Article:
The first thing you should know about rigid PCBs is that they can be single-sided, double-sided, and multi-sided. So essentially, they have the same applications as those three types of printed circuit boards. However, the most common example of a rigid PCB is a computer motherboard.
The reason they’re called rigid is that they’re made of a solid substrate material that prevents them from bending. Also, they’re extremely widespread, and you’ll find them in countless different devices because they allow for communication between all the parts of a computer.
5. Flexible (Flex) PCBs
As you can probably guess from the name, flexible PCBs are pretty much the complete opposite of rigid ones. They consist of materials that can bend, which allows for more movement. However, considering that flexible materials are more difficult to manufacture, flex PCBs tend to be more expensive.
With that said, they do still have a ton of applications because they can be waterproof, shockproof, and corrosion-resistant. Flexible PCBs are the ideal solution for when a circuit board has to conform to a shape of a device. That is why they are often used in military industry, as well as in medical and transportation devices.
Flexible PCBs have one thing in common with their rigid counterparts, and that’s that they can have various formats. So they can be single, double, and multi-sided.
6. Rigid-Flexible PCBs
Rigid-flexible PCBs are sort of the best of both worlds, and they have tons of advantages over using just rigid or just flexible. But most importantly, their unique structure allows for a more streamlined design. In turn, rigid-flexible PCBs reduce the size of the board, as well as package weight.
That is incredibly important, especially for devices and products where size and weight are crucial, like cameras, cellphones, pacemakers, and cars.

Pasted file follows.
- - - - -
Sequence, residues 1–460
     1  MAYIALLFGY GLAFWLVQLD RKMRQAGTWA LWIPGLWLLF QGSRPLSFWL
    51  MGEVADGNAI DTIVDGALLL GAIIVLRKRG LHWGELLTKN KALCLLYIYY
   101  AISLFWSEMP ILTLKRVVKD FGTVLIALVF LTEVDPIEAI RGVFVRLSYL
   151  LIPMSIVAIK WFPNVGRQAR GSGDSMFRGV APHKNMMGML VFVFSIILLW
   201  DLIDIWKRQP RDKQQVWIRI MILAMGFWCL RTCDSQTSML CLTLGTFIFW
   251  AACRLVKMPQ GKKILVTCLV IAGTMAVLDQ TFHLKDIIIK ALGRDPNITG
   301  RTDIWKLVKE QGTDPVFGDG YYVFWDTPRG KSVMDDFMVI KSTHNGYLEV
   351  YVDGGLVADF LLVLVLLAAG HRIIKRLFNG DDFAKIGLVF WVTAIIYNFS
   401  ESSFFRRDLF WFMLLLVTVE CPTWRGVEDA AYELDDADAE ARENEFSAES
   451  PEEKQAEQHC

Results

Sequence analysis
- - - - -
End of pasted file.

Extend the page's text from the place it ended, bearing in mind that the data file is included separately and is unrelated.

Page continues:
7. High-Frequency PCBs
High-frequency refers to a design element of PCBs, and not their construction. They’re circuit boards that can transmit signals that are bigger than one gigahertz.
High-frequency PCBs play a huge role in frequency critical applications. That’s why you can find them in microwaves, and various communication systems.
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8. Aluminum-Backed PCBs
Aluminum-backed PCBs have a pretty similar structure as the ones with copper backing. But instead of traditional plexiglass, we’d (obviously) use aluminum to make these.
Now, aluminum-backed PCBs are pretty complex and have various areas of use. If you want to learn more about them, you can check out our guide. There, you can read more about their classifications and applications in everyday life.
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To Sum Up
As you can see, PCBs have countless real-life applications, and choosing the right one can make or break a product. So before you select one, you have to understand all the subtle differences, and do proper, in-depth research to find your perfect match.
But if you’re struggling, and don’t know which way is up anymore, please don’t hesitate to give us a call at MKTPCB. We can guide you through the PCB selection process, and help you understand which types of printed circuit boards would be ideal for your company. Not only that, but we can also design and manufacture as many PCBs as you want, and take your business to the next level.